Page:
Traditionally, the allocation of power within companies follows a particular hierarchy. However, the fast pace of things, and the need to become responsive, versatile and agile, require the involvement of employees particularly those on the frontlines. When done right, employee involvement translates to faster reaction to business events and situations; it also means being proactive rather than waiting for decisions to go up the ladder for approval and to come back down for action.

“From a practical point of view, employee involvement entails moving much of the operational decision making to the front line teams, and equipping them with the ability and authority to solve business problems, concerns, and issues.”

From a practical point of view, employee involvement entails moving much of the operational decision making to the frontline teams and empowering them to solve business problems, concerns, and issues. Let us look at Southwest airlines, a company highly regarded as one of the top organizations when it comes to employee engagement and involvement. They have managed to retain their ranking among the top engaged organizations for many years. As the company founder, Herb Kelleher, points out: “Competitors can’t simply adopt the levels of engagement and commitment found in the company - it takes a special kind of employee and company culture.” Here are some examples of what employee involvement and engagement looks like at Southwest airlines:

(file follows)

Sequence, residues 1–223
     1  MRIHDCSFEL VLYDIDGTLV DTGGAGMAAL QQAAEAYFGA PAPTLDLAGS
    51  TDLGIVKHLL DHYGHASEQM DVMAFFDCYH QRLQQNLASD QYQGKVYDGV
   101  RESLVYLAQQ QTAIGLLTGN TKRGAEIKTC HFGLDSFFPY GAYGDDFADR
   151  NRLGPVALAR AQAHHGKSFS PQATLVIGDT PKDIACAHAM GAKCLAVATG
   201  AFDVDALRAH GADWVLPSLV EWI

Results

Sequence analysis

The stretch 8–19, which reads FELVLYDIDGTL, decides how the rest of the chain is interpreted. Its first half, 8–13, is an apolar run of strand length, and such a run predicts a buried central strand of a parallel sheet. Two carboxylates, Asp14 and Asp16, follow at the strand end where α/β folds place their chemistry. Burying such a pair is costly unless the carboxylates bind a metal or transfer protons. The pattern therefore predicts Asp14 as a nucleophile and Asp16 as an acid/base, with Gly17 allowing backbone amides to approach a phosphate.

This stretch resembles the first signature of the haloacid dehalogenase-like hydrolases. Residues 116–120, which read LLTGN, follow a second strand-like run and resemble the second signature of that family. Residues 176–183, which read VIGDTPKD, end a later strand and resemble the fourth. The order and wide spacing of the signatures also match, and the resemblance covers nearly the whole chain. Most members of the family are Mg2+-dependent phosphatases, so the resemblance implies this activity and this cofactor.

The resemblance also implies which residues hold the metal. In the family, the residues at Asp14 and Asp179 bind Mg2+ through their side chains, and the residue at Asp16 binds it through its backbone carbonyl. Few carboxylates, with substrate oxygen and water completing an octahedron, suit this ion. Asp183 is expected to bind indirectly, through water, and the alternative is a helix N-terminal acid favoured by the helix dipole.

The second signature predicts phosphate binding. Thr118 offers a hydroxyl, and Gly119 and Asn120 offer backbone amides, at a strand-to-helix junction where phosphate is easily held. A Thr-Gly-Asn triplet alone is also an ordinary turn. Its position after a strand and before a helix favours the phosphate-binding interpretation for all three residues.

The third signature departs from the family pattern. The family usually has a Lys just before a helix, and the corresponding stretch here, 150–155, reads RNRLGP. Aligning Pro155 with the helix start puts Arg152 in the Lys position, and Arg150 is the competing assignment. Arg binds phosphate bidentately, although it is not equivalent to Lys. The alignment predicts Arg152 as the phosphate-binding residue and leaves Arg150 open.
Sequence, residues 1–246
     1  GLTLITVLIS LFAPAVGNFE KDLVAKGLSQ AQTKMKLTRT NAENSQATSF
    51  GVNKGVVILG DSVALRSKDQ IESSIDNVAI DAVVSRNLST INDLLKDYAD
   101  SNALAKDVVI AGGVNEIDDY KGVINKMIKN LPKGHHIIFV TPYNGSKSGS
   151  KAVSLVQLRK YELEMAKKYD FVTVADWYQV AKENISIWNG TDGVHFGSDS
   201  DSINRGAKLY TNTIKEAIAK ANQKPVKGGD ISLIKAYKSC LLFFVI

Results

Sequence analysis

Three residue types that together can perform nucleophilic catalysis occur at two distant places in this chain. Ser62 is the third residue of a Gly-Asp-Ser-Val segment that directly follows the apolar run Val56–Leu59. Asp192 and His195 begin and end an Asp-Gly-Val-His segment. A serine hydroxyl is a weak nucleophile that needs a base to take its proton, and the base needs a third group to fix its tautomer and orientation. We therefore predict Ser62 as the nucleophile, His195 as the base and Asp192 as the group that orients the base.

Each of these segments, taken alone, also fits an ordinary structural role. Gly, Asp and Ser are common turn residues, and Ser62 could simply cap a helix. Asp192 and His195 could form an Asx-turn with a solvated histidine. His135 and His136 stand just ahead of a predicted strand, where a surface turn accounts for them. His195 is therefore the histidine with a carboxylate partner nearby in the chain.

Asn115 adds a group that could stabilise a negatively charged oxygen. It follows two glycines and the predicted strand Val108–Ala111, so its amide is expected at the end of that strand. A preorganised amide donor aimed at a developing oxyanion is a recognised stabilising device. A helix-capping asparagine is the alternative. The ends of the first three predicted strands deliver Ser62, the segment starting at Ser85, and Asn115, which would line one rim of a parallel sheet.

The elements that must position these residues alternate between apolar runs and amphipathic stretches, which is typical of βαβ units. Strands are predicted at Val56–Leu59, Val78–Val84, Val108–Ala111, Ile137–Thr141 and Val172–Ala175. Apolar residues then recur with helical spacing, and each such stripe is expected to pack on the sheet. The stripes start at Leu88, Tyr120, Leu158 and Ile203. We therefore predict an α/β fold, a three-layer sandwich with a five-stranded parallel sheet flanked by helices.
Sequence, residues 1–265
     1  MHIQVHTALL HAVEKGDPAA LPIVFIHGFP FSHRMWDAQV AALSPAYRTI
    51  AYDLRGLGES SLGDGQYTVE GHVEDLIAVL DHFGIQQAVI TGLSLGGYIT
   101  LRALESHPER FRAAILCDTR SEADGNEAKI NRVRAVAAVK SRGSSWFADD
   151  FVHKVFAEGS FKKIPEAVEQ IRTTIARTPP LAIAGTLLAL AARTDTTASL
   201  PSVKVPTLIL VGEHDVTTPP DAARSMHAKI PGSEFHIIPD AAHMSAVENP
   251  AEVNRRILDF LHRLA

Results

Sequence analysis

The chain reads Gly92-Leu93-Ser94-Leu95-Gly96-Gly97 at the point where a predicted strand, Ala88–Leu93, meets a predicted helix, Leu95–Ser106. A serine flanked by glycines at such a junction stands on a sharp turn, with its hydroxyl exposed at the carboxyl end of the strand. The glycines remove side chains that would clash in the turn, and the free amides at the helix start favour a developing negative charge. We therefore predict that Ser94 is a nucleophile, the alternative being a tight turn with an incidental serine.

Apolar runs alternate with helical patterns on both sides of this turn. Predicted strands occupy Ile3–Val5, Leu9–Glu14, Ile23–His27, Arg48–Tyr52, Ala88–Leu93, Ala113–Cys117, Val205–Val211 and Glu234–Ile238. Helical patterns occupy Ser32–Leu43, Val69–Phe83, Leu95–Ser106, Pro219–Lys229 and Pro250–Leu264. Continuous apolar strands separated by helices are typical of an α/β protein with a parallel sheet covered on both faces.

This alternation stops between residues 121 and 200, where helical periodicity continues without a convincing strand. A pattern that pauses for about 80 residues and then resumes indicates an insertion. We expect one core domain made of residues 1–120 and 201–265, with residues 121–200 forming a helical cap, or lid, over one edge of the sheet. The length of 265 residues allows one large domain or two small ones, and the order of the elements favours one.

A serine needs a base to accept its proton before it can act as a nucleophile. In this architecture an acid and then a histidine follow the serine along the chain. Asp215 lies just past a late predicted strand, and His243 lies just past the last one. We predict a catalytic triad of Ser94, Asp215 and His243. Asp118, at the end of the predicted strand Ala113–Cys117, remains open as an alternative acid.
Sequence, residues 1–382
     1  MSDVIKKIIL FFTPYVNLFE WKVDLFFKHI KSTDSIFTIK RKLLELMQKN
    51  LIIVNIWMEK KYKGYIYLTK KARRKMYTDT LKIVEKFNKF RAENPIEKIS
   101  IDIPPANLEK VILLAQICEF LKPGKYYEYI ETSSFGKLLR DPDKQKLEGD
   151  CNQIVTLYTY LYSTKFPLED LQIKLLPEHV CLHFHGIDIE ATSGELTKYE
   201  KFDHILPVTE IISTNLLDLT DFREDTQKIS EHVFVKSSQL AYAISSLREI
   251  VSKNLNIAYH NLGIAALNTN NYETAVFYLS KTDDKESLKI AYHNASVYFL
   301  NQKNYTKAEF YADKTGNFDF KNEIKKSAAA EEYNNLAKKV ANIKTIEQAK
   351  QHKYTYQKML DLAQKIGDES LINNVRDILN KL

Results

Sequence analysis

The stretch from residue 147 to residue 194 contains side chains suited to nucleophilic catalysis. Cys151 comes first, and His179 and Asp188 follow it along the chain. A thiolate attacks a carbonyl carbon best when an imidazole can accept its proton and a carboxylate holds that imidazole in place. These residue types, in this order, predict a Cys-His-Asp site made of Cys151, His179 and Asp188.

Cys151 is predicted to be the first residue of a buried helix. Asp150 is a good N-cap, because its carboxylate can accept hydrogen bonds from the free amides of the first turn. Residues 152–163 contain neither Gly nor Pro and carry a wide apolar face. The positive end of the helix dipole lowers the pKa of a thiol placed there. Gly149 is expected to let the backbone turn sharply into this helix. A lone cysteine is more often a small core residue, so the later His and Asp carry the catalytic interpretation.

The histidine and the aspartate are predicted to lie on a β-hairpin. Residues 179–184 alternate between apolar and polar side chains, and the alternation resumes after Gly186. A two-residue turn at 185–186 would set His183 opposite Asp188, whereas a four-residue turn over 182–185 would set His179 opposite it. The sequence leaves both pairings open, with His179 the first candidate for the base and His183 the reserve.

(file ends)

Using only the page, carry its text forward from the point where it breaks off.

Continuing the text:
“The company allowed employees from any department to apply to collaborate on new uniform designs, with results really reflecting personality and company culture in a way that wouldn’t have been achieved had employees not been given a say. Employees were responsive to this, describing it as an “unforgettable experience.”

Southwest airlines encourages employees to stay inspired to do things differently. The viral video of one flight attendant rapping the safety information goes to show the kind of attitude the company has towards keeping things fun and unique, creating a great experience for customers and employees alike, and giving a great company image.

Recognizing those employees who really go the extra mile is another key factor of Southwest’s engagement practices. Each week, the CEO gives a “shout out,” publicly praising employees who have gone above and beyond at work. There’s also a monthly recognition in Southwest’s magazine, featuring an employee who shined that month.”

This kind of recognition in the workplace keeps employees aware that they’re valued and their hard work and commitment are noticed. Employee involvement in conjunction with proper praise and constructive feedback helps them feel appreciated and motivated, and going that extra mile when needed.

It is important to keep in mind that employee involvement and engagement also unlocks the channels to report on strategic trends and demands quicker, and to transmit strategic marketplace intelligence as it happens.

Empowerment as a Culture


Empowerment is a relatively new term or concept to management. It is more than setting goals and objectives and giving employees the space to achieve them. Empowerment is about bringing out the entrepreneurial capabilities in employees when it comes to solving problems, responding to customers’ concerns, or seizing market opportunities and developing them.

One of the key benefits of empowerment when practiced in leading and highly successful organizations is enabling employees to share ideas and innovate. Innovation does not always translate to ground breaking ideas; sometimes relaunching products and services with little to moderate innovation can make quite a difference from a consumer perspective, especially when it comes to creating a buzz on today’s social media platforms like Facebook, Twitter or Instagram.